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I got this one wrong, but just because I accidentally pressed ' after Women. Now, 'Ihr' also means 'You', but it is used in a plural form. If you are talking to one person, you might say 'You are very good at German' or 'Du bist sehr gut auf Deutsch'. If for example, a teacher is speaking to her language class, to more than one person or so on, he/she would say 'You are very good at German [Boys/Girls]', or 'Ihr sind sehr gut auf Deutsch [Jungen/Mädchen]. Its just Ihr is plural.
They're the same in the sense that "am" and "is" mean the same thing.
With "I", you have to use "am", and with "he", you have to use "is". You can't say "I is a teacher and he am a baker", you have to say "I am a teacher and he is a baker".
And in German, you use seid with ihr (you, plural, informal) and you use sind with wir (we), sie (they), and Sie (you, formal).
- ich bin (I am)
- du bist (you are -- to one person whom you know well = singular informal)
- er ist, sie ist, es ist (he is, she is, it is)
- wir sind (we are)
- ihr seid (you are -- to several people whom you know well = plural informal)
- sie sind (they are); Sie sind (you are -- to one or more people whom you do not know well)
So, it's a bit weird in German, but some letters they pronounce differently, as well as Männer.
Ihr - Pronounced like Ear, but the E is usually just a bit more high pitched.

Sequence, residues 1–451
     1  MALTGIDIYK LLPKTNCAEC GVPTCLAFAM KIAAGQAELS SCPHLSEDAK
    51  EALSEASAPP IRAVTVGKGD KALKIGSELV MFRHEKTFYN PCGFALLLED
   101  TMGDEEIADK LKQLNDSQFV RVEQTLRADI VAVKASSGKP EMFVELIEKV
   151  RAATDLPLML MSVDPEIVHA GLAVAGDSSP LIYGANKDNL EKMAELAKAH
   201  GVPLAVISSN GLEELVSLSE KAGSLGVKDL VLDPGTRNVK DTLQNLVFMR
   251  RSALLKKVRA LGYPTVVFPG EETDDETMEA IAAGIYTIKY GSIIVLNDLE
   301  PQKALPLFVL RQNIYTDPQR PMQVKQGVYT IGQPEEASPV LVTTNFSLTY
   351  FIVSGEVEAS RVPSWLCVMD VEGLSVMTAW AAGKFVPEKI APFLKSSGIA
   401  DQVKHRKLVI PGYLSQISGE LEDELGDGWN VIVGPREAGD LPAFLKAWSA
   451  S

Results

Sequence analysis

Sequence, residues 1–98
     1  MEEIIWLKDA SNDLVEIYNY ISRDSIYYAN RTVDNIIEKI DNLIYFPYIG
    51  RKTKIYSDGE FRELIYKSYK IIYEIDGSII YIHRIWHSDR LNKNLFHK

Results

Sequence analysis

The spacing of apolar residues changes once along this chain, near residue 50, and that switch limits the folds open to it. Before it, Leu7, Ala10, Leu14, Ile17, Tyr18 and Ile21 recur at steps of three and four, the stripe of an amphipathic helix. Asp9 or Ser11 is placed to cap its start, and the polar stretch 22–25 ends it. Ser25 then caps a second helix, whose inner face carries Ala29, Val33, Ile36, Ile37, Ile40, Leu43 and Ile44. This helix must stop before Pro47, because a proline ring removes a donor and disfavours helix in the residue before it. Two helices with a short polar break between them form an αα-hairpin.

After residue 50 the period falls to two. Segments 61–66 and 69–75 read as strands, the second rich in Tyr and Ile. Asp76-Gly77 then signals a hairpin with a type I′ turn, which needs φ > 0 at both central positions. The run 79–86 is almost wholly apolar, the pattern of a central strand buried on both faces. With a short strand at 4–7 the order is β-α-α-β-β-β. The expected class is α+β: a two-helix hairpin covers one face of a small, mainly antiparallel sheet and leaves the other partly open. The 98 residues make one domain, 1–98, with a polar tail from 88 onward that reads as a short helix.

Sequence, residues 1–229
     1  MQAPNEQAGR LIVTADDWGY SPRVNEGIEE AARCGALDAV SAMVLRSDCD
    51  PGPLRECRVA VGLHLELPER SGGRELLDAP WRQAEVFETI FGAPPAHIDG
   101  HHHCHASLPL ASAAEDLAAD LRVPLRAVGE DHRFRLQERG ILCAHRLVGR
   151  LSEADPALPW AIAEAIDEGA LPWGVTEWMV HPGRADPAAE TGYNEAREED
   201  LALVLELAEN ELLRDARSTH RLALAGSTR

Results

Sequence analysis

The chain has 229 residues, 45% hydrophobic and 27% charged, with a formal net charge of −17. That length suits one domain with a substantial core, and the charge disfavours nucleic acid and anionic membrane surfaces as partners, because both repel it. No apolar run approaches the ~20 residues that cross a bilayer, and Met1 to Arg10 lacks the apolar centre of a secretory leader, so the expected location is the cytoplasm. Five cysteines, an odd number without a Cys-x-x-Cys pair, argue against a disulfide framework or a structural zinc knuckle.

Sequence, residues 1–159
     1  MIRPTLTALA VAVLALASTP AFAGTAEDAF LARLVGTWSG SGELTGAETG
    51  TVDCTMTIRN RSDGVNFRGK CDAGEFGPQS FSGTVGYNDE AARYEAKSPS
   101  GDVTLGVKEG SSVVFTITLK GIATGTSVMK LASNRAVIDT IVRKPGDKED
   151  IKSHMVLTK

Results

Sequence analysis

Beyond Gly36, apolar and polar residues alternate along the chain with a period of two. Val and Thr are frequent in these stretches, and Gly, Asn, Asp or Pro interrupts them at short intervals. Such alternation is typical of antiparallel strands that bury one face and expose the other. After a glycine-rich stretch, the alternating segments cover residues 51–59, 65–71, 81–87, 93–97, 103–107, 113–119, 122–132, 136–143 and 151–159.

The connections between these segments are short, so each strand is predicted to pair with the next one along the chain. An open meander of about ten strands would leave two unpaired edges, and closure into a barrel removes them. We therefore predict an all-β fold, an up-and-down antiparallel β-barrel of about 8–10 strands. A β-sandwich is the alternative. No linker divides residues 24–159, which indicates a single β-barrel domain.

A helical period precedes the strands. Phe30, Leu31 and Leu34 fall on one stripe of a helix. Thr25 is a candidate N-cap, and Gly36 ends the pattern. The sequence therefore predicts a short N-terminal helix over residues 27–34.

Männer - Though the umlaut is meant to make it deeper, it changes the ä to an e more than that. It's sort of like Menner, but with a deep e.
W is also pronounced with a V, and more to come.
It's der Apfel in the singular, not die Apfel.
(die Äpfel would be plural.)
Noun gender is, in general, not connected to the real gender of anything. Objects simply have masculine, feminine, or neuter grammatical gender and you have to learn the gender along with the word.
The pronoun Sie will be taught later in the course in the unit "Formal you".
"they" is sie (lowercase)
informal plural "you" is ihr (also lowercase)
formal "you", whether singular or plural, is Sie (always uppercase).
In speech, "they" and formal "you" sound identical, since you can't hear the capitalisation, of course. Context usually makes things clear.
In writing, you can see the difference in the capitalisation -- except of course at the beginning of a sentence, where the first letter is always capitalised: Sie sind Frauen could then mean "they are women" or "you are women", and Sie sind Lehrer could mean "they are teachers", "you are teachers", or "you are a teacher". (Since Lehrer looks the same in singular and plural.)
Du is an informal "you", talking to a single person. Example; Du bist ein Kind. (You are a kid).
Ihr is an informal 'plural' you, also used as y'all. It's just talking to a group of people, informally. Example; Ihr seid laut! (y'all are loud!)
Sie is a formal plural and singular. Used as you and y'all, but to a higher auditory or someone that needs to be spoken to formally (to a professor or another's parents, for example). Example; Sie sind nett. (you are nice)
Not when it refers to you (informal plural) or you formal....
'Ihr' also means 'You', but it is used in a plural form. If you are talking to one person, you might say 'You are very good at German' or 'Du bist sehr gut auf Deutsch'. If for example, a teacher is speaking to her language class, to more than one person or so on, he/she would say 'You are very good at German [Boys/Girls]', or 'Ihr sind sehr gut auf Deutsch [Jungen/Mädchen]. Its just Ihr is plural.